Every organization has their own criteria for determining the success or failure of the project, the project manager, and the project team. There really can’t be that many variations, but since the level of project oversight varies from company to company, so does the level to which different criteria matters to the powers that be within an organization. And we certainly can’t forget about the project customer – they definitely have a say in whether or not a project is considered a success. Logically, a project could come in on time and on budget but if the customer is unhappy for some reason, then the project could easily be designated a failure.
So what are the key determiners of success or failure for a project? Across different industries, different organizations, different customers, different PM methodologies, and different PM infrastructures within various organizations there will always be variations of what constitutes a successful project from an unsuccessful one, but the bottom line – as far as I’m concerned – is that there are three key determiners of whether or not a project is deemed a success at the end of the engagement. These three determiners are: on time delivery, on budget delivery, and customer satisfaction. Let’s look at each of these in more detail and discuss ways to help ensure project success through proper management of each.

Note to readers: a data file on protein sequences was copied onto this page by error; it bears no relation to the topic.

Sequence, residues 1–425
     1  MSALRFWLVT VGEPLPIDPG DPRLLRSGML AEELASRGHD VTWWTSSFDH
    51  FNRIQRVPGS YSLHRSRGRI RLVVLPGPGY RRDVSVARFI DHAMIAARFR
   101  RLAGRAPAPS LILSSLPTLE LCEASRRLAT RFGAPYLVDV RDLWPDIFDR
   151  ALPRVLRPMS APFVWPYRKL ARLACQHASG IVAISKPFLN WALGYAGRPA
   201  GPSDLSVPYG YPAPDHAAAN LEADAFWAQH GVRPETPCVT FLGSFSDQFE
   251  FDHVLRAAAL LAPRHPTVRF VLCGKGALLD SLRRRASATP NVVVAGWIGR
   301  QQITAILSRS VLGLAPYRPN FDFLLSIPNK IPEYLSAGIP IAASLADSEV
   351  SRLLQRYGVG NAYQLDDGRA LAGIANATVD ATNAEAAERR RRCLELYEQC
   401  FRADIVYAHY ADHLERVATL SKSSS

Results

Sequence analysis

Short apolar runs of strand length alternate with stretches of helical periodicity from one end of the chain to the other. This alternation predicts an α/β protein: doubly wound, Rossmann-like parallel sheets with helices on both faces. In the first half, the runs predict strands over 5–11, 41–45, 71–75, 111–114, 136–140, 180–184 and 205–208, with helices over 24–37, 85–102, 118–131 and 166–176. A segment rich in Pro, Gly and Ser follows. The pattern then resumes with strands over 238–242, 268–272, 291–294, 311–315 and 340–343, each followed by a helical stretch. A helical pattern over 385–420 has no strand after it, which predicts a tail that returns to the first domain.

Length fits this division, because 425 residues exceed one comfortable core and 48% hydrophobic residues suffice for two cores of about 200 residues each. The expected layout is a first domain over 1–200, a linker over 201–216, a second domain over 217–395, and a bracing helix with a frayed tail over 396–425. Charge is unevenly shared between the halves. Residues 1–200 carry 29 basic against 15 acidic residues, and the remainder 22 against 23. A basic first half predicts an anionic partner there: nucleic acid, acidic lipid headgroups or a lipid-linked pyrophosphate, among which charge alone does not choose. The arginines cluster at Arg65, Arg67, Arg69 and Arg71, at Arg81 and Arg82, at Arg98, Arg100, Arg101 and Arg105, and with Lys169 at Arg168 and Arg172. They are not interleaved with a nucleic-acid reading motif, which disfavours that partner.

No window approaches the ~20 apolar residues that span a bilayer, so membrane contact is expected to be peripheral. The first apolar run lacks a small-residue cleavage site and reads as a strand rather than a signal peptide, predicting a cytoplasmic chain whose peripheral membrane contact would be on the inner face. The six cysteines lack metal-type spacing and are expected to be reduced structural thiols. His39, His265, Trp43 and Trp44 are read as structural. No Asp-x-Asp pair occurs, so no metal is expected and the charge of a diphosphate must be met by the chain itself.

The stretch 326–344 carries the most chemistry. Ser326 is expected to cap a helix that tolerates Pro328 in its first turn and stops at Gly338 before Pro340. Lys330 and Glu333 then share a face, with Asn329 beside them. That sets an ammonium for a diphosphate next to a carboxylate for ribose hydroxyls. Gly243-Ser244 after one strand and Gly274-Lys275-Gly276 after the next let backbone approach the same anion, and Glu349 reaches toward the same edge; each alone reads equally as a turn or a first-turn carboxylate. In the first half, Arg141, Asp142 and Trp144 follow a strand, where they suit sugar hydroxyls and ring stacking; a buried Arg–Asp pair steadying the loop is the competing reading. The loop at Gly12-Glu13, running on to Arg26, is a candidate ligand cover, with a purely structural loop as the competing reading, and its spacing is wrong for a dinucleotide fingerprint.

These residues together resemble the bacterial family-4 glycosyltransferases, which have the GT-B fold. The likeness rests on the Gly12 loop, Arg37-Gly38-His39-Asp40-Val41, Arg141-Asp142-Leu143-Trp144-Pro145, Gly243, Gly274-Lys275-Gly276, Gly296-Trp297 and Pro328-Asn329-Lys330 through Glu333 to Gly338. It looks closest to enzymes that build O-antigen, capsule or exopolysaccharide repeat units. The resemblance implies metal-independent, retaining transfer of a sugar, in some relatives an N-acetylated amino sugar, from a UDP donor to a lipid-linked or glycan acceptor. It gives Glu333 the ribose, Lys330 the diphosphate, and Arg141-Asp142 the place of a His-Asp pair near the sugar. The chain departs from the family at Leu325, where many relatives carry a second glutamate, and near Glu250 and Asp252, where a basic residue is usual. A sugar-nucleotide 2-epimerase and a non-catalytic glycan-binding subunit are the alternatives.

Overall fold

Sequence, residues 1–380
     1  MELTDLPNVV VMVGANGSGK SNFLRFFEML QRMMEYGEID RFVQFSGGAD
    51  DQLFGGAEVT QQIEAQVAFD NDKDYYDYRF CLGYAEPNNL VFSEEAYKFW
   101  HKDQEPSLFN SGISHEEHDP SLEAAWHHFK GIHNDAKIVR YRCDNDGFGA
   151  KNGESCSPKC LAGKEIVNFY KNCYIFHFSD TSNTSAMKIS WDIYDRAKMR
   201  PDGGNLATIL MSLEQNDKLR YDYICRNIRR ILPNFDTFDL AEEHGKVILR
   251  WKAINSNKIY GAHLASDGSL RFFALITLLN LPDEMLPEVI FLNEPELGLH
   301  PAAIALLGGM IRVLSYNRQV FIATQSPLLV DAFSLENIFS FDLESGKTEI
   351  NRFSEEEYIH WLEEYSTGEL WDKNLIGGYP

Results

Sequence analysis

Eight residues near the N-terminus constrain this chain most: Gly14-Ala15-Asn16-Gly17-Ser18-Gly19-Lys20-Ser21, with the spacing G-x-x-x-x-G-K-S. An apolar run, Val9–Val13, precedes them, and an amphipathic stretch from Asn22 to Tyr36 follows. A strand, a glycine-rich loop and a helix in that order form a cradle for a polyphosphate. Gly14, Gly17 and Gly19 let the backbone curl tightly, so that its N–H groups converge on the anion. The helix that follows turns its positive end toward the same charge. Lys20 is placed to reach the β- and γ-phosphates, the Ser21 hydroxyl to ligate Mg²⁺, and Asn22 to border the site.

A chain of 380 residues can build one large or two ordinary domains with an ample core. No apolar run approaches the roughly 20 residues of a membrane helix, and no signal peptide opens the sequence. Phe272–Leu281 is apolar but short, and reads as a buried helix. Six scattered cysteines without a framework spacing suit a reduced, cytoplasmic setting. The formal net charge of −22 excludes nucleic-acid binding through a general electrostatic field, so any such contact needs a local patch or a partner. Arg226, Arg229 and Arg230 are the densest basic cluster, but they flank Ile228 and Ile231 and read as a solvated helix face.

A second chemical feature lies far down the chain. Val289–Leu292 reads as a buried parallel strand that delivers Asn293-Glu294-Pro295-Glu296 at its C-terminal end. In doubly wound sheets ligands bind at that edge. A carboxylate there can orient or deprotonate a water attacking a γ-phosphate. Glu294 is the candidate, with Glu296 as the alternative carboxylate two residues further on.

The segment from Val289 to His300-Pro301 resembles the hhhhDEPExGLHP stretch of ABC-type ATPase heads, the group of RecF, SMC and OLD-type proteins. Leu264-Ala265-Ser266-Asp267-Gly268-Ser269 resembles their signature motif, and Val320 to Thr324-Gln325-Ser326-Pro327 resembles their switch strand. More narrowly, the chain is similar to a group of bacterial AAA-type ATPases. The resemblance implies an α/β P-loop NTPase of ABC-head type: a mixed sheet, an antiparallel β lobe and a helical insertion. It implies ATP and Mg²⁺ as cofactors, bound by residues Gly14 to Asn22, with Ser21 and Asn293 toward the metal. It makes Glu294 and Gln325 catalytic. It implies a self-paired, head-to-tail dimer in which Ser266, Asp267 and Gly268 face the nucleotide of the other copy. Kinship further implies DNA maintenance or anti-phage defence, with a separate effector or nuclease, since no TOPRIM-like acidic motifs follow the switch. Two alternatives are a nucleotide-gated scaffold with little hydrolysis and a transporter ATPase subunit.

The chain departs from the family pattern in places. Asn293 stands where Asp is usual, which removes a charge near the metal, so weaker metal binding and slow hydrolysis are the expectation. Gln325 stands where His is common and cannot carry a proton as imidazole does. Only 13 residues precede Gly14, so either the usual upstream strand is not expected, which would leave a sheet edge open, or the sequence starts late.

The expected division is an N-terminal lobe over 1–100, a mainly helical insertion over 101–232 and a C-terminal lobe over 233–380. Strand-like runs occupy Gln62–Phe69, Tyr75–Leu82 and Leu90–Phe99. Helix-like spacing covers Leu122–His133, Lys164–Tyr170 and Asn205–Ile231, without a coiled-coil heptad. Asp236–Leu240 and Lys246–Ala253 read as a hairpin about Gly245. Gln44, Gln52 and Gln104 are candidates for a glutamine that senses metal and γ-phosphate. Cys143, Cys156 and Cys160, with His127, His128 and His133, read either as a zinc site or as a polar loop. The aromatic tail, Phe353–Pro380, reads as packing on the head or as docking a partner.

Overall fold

On time delivery
Some project managers set the project schedule in stone at the beginning of the project and fail to use it as a living, breathing tool for the project. Those individuals have failed on the project before it even started. Project managers who hope to succeed must choose a good project management scheduling tool. They must then use that tool to revise the schedule weekly, engage the team and customer for real progress updates on tasks, and use this revised weekly schedule – along with a detailed status report – to drive project status discussions every week with the project team and the project customer.
Using an online project management tool such as EPM Live gives you the scheduling tools needed for on time project delivery. EPM Live provides a variety of schedule management tools. Users can choose which scheduling tool is best for them based on maturity of the user and complexity of the project. EPM Live’s Online Project Planner allows project managers to create simple project schedules online allowing users to choose various viewing capabilities to see a simple task list or a detailed Gantt chart for comprehensive schedule management. Project managers can easily update the schedule and send progress reports to team members straight from the Project Planner. This method also allows project team members to update their project statuses/deadlines from their Outlook task list, increasing project efficiency by allowing them to work from one centralized location. EPM Live also has a built in seamless integration with Microsoft Project so that project managers who are trained scheduling engine users can create there schedules in Microsoft Project and then publish them to EPM Live for project visibility and statusing.